The Velvet Turtle, a long-shuttered and crumbling eyesore in the heart of Chinatown, has been razed. In its place? An empty lot.
But perhaps, not for long.
The restaurant at 708 N. Hill St. was demolished last month. Property co-owner Charlie Woo, of the family that owns toy wholesaler Megatoys and numerous properties in the Toy District, said in an email to Los Angeles Downtown News that he is studying different development options, though a plan announced in 2012 remains the main focus. At the time, that was a $25 million effort that would erect apartments above commercial space.
The Woos purchased the property at Hill and Ord streets in 1996 for $1.1 million, according to property tax records. Woo previously told Downtown News that he saw “tremendous potential” in the site, though plans to develop it were repeatedly thwarted due to changes in the marketplace.
The Velvet Turtle’s demolition comes as the $93 million Jia Apartments, visible from the former restaurant’s empty, fenced-off lot, opened in January. The six-story complex at 639 N. Broadway has 280 residential units and has altered the southern entrance to Chinatown.
Also underway in Chinatown is Blossom Plaza, a $100 million mixed-use development. The project from developer Forest City broke ground last year. It will create 240 apartments, along with 20,000 square feet of retail and restaurant space, and a 17,000-square-foot plaza connecting to the Chinatown Gold Line station.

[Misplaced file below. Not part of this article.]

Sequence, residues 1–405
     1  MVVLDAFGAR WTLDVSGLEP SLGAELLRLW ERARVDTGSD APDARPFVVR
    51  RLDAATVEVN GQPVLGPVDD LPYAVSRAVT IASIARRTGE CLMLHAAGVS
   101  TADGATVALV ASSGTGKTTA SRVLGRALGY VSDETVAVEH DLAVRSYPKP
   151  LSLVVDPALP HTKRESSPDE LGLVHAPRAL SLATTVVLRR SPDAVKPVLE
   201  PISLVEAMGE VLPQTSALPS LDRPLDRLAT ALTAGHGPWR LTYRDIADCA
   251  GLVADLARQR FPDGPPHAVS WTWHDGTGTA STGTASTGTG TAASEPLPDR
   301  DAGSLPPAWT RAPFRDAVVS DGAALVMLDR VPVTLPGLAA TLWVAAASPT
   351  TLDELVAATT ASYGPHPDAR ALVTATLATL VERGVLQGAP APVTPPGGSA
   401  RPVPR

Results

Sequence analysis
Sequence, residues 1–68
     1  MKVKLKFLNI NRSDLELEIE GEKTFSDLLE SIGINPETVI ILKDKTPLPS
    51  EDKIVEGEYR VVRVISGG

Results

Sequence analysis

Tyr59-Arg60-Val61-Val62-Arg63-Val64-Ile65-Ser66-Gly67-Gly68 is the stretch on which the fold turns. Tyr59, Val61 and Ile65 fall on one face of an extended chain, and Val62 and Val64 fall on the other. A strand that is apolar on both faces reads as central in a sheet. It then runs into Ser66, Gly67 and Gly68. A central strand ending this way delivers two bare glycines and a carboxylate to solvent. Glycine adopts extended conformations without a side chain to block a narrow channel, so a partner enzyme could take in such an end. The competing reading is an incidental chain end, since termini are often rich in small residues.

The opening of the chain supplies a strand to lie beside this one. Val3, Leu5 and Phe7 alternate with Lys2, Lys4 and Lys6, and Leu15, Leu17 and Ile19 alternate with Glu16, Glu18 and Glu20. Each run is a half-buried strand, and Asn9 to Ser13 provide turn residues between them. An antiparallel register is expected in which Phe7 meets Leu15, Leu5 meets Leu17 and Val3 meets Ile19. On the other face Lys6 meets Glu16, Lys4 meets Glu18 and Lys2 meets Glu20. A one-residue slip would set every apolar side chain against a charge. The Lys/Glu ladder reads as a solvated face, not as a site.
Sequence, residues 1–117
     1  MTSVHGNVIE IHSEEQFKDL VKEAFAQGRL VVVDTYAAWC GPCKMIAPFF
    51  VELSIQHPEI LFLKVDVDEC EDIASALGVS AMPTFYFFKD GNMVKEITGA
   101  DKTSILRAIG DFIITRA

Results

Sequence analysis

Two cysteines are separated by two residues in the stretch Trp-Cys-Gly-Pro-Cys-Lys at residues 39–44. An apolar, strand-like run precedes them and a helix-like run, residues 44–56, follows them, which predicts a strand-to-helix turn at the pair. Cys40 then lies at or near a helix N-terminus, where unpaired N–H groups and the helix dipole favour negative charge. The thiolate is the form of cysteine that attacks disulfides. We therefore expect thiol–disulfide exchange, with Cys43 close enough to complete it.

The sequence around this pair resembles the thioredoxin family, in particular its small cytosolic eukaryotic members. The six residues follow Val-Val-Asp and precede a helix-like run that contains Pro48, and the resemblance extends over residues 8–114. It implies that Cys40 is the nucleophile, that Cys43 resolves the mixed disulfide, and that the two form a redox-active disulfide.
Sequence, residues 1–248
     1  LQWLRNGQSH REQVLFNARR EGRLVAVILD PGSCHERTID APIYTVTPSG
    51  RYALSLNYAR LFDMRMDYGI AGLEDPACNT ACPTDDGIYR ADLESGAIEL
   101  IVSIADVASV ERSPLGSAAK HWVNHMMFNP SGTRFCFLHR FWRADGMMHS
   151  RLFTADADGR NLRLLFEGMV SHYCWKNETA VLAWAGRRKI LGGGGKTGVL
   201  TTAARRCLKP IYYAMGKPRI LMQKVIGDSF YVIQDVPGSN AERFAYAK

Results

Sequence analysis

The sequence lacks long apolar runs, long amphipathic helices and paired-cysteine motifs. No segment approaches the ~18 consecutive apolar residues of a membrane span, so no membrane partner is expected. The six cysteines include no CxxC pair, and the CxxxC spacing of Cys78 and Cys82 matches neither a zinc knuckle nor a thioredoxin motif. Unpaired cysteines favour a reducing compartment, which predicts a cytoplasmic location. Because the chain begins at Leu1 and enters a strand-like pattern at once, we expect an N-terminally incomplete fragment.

Noting that a “rising tide raises all boats,” Frank Frallicciardi, vice president of Forest City, said, “We’re always excited about any new development and revitalization in the neighborhood. It’s great to see Blossom Plaza be a catalyst for new development.”
Given the upswing in development in Chinatown, it is perhaps fitting that the Velvet Turtle’s blighted building has become a thing of the past.
“We’re finally on our way to joining the rest of Downtown in terms of renewed interest in development,” said George Yu, executive director of the Los Angeles Chinatown Business Improvement District. “Suffering through the down years has actually given us a better perspective in terms of what we want to see and what we don’t want to see in our community.”
Although the dining room and kitchen are gone, one thing folks can still see on the Velvet Turtle property is a sign, standing sentry over the site, with an image of a turtle wearing a top hat and bowtie.
© Los Angeles Downtown News 2014